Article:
Neil Durie Tsutsui
Assistant Professor, Ecology & Evolutionary Biology
AS OF JULY 1, 2007: Department of Environmental Science, Policy & Management, UC-Berkeley
|***WE WILL BE MOVING TO UC BERKELEY ON JULY 1, 2007. VISIT US AT: HTTP://ESPM.BERKELEY.EDU*** Invasive species; Evolution of social organization; Animal behavior; Conservation biology.|
|URL||The Tsutsui lab|
Center for Population Biology, Dept. of Evolution and Evology
University of California, Davis
2000 - 2003
Advisor: Richard K. Grosberg
The research in our lab encompasses a variety of evolutionary and ecological topics in the general areas of molecular ecology, behavioral ecology, and population genetics.
Invasive Species: Biological invasions are a serious threat to global biodiversity, and much of our previous research has focused on a particularly damaging invader, the Argentine ant (Linepithema humile). Argentine ants have been introduced by humans to many of the world's Mediterranean-type ecosystems, where they disrupt ecosystems by displacing native species, cause indirect damage to crops by tending parasitic homoptera (such as aphids and scale insects), and are a common household pest. Moreover, introduced populations of Argentine ants are unicolonial, forming massive "supercolonies" that can extend for thousands of kilometers. The lack of aggression and territoriality within these supercolonies allows introduced populations to thrive and dominate invaded habitats. By studying the genetics and behavior of Argentine ants in their native and introduced ranges, we have shown how relatively simple genetic changes can impact higher levels of biological organization, producing altered behavior, novel forms of social organization, and ultimately transforming entire ecosystems. Because many other invasive ants are also unicolonial, the factors that allow Argentine ants to become such successful invaders may also explain the success of many other invasive social insects.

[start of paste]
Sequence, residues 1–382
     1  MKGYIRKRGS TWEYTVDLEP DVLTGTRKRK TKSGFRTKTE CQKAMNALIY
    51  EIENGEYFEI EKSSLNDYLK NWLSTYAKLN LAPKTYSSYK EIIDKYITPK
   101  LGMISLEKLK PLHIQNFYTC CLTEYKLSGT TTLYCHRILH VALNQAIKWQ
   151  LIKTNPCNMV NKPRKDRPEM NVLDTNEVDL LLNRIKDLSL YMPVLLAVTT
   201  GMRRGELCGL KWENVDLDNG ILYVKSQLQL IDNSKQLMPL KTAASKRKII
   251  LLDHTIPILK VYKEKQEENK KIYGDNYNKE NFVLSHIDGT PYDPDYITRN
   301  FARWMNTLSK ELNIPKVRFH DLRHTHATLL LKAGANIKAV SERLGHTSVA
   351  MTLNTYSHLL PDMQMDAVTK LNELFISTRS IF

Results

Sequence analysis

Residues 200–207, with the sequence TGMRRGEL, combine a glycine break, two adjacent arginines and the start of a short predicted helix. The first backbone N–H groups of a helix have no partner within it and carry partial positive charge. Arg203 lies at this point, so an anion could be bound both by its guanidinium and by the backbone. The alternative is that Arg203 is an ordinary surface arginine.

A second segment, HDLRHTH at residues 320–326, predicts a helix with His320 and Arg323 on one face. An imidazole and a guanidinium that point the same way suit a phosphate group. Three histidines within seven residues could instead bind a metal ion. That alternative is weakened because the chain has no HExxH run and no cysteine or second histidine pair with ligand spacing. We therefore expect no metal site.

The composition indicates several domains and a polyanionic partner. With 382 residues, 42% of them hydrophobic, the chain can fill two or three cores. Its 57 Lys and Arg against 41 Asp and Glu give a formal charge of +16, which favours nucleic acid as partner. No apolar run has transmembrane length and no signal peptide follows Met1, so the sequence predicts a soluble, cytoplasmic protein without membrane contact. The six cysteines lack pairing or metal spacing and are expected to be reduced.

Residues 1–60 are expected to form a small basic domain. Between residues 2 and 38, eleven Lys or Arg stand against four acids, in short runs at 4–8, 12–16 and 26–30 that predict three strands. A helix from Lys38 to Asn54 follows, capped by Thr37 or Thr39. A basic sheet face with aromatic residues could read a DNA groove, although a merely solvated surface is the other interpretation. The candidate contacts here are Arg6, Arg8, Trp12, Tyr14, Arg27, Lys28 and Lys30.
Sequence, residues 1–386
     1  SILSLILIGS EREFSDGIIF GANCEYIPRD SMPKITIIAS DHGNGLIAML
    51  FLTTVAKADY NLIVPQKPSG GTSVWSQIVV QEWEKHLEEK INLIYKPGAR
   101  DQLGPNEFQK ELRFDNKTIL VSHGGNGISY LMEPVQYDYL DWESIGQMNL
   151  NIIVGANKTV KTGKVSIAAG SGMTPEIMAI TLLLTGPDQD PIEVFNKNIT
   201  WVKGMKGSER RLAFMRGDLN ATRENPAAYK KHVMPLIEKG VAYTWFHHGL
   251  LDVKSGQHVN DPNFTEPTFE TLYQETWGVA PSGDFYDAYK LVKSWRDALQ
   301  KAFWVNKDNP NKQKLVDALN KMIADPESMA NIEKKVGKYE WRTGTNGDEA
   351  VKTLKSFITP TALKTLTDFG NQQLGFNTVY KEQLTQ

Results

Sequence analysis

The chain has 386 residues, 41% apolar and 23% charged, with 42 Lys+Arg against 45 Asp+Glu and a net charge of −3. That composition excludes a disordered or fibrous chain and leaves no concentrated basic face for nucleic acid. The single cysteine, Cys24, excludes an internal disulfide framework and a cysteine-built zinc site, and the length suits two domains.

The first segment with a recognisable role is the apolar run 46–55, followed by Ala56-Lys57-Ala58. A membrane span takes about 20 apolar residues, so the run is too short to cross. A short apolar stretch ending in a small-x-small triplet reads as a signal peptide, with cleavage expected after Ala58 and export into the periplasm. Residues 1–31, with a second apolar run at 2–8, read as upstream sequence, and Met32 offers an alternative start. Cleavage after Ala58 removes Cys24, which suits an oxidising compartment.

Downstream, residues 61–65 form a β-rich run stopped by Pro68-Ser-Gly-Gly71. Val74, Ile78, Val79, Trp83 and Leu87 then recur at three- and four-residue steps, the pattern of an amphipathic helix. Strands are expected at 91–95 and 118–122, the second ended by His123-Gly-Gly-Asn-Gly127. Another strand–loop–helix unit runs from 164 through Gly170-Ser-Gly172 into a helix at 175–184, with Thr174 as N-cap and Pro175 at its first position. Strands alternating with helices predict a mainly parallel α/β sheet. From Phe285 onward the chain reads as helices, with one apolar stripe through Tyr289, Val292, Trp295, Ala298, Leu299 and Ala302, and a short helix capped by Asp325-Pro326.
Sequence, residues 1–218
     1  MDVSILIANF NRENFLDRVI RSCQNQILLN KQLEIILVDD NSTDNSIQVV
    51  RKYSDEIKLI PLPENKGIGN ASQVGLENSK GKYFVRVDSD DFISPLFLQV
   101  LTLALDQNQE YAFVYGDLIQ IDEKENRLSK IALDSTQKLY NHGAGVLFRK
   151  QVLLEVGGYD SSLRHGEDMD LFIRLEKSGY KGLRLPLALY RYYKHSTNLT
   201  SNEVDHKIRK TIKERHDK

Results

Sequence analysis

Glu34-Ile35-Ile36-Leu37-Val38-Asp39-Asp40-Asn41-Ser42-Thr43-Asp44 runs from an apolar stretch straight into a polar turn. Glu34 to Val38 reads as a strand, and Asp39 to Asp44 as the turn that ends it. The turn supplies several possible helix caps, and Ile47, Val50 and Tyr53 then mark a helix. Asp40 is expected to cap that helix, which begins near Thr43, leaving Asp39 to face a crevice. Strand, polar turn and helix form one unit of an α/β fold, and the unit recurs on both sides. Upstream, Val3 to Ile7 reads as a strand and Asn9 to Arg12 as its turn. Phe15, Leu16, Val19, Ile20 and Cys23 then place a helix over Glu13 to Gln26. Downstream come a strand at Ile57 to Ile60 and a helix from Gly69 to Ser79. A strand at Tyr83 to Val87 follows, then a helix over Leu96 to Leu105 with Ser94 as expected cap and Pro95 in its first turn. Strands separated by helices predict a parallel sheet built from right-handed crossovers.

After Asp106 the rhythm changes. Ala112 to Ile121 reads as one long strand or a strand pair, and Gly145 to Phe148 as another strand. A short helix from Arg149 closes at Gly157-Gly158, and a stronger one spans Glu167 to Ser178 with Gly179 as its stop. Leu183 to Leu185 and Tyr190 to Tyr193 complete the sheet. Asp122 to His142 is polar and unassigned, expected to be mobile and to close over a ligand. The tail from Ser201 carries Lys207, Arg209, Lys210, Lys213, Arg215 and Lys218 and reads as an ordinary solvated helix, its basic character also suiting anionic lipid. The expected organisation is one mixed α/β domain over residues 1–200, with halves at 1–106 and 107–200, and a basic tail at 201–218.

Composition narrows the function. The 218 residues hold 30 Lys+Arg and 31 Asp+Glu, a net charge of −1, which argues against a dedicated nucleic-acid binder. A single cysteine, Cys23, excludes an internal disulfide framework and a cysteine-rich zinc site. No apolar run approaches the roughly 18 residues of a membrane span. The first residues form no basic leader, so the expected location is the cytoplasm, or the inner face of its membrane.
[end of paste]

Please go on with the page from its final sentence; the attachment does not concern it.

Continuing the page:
The Genetics and Biochemistry of Social Organization: We are also interested in the genetics and evolution of social organization, particularly the mechanisms used by organisms to distinguish self from non-self (in this case, colony members from non-members). Argentine ants appear to use odor cues (specifically, chemicals known as cuticular hydrocarbons) to sniff out individuals who do not belong. Our group currently has several ongoing projects in which we are examining how genetic diversity, genetic similarity, cuticular hydrocarbons, and individual behaviors can interact to produce highly organized and complex societies.
We have begun to look at the interactions between parasites (or parasitoids) and their hosts in several different systems. In one study, we are using molecular genetic tools to examine how slave-making ants in the genus Polyergus have co-evolved with the host species that they enslave. For another project, we are looking at how head-decapitating phorid flies (genus Pseudacteon) have co-evolved with the various ants that they parasitize. Other work in the lab is focusing how infections of the maternally-transmitted bacterium, Wolbachia pipiens, are distributed among populations infected insects, and how different strains of the bacteria are distributed across different species and genera in various ecosystems.
The Genetics and Genomics of Honeybees (Apis mellifera): In collaboration with Dr. Charlie Whitfield (University of Illinois, Urbana Champaign) and others, we have recently conducted genetic analyses of Old World (native) and New World (introduced) honeybees using SNP markers from the Honeybee Genome Project. This work has illuminated the relationships among the various subspecies of Apis mellifera that occur in Africa, Asia and Europe, and is allowing us to disentangle the long and complex history of honeybee introductions to the New World.